An aerial photograph shows traffic on the southern portion of the 18-Mile Stretch, a facet of U.S. Highway 1 that connects South Florida with the Florida Keys in Key Largo, Florida, September 28, 2011. (REUTERS/Andy Newman/Florida Keys News Bureau/Handout)
Canadians technically now need an international driving permit to get behind the wheel in Florida, but police assure they won't be going after snowbirds from north of the border.
Legislators in the Sunshine State passed a law that requires non-U.S. motorists to have an international permit in addition to their regular driver's licence as of Jan. 1, said Ian Jack, spokesman for the Canadian Automobile Association (CAA).
The Florida Department of Highway Safety said it will ask lawmakers to clarify the rules to allow drivers with English-language licences to operate a vehicle in the state without the permit.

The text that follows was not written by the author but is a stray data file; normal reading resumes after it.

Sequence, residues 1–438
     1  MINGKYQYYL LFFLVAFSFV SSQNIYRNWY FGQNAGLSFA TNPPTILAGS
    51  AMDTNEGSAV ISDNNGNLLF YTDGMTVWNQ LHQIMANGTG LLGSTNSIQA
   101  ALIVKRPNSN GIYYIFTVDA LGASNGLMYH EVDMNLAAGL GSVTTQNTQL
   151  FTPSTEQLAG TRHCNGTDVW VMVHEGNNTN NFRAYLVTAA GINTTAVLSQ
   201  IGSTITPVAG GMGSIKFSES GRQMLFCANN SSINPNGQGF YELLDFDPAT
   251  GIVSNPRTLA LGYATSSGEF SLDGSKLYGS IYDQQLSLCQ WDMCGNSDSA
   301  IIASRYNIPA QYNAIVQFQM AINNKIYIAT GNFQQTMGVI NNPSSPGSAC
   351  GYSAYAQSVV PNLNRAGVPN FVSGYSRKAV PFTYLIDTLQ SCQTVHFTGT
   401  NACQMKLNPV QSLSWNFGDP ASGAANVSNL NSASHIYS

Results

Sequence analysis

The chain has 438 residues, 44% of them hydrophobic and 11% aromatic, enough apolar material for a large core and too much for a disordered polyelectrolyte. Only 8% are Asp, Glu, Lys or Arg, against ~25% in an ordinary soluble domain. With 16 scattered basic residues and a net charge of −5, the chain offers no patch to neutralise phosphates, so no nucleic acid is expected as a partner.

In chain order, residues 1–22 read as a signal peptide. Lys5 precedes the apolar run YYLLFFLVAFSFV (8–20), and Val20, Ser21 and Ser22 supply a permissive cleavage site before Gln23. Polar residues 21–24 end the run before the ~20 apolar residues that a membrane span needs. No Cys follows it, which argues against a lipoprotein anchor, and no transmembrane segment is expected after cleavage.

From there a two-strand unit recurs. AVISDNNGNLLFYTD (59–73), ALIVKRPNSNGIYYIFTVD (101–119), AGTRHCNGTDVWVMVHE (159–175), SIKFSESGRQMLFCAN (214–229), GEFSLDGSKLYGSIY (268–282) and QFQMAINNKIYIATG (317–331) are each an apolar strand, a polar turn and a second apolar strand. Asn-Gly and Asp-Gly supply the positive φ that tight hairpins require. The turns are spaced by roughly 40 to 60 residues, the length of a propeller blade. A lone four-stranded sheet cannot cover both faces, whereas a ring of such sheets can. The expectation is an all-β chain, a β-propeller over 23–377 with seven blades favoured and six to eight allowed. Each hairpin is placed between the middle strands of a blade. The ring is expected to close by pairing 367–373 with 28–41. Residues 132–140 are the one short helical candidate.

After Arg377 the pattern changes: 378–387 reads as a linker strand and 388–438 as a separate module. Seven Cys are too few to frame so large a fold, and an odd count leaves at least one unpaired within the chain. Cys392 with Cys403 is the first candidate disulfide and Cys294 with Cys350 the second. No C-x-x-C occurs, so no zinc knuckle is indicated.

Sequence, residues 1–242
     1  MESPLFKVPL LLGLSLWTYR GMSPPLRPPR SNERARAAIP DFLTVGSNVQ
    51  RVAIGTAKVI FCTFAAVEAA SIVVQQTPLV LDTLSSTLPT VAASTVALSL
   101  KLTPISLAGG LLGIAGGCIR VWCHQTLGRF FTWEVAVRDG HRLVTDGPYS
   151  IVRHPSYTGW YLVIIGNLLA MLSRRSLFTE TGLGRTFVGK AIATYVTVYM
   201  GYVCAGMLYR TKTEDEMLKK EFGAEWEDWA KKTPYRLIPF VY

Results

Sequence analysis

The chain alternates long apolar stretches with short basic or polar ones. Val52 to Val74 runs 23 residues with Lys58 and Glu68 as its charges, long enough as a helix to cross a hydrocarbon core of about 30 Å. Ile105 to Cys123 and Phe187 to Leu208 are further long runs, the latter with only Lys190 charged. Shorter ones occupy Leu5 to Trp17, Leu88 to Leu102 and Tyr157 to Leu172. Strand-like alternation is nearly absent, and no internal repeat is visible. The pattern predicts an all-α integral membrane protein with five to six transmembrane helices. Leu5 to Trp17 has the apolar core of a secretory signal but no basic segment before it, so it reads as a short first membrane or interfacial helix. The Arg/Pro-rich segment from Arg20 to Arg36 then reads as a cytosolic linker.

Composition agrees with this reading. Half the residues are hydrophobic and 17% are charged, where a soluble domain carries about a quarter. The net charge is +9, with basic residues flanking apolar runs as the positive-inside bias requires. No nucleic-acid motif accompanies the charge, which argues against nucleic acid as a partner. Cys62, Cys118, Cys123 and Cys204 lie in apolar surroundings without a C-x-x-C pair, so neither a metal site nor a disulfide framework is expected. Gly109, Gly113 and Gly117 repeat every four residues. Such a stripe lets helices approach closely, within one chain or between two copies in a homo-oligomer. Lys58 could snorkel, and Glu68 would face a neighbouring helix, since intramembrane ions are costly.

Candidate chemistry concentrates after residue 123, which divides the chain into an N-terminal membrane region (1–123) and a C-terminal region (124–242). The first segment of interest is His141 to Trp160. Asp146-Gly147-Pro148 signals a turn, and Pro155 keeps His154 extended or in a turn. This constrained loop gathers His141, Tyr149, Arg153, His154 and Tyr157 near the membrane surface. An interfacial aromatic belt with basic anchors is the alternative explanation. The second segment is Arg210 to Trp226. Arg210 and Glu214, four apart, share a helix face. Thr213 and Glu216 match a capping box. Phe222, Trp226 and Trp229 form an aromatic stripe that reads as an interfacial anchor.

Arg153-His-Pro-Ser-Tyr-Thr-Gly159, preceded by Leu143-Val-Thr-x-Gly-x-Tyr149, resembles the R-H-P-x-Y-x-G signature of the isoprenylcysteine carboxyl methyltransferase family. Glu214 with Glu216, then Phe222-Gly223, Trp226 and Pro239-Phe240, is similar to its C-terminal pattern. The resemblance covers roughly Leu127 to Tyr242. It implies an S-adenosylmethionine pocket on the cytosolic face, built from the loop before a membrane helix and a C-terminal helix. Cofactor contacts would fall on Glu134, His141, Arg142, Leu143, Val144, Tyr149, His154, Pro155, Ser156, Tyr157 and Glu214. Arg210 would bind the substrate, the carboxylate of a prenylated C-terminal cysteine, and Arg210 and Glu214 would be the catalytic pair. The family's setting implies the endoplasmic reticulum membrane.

"The intent of the change in Florida law regarding the International Driving Permit was to aid law enforcement in Florida when interacting with drivers holding a licence in a foreign language," Kirsten Olsen-Doolan, spokeswoman with the Florida Department of Highway Safety and Motor Vehicles, said in a statement.
Unfortunately it will likely take until the summer to close the loophole, as the next legislative session isn't until March. So, until then, the permit will technically, by law, be required for the Canadian spring breakers and snowbirds who head south over the winter months.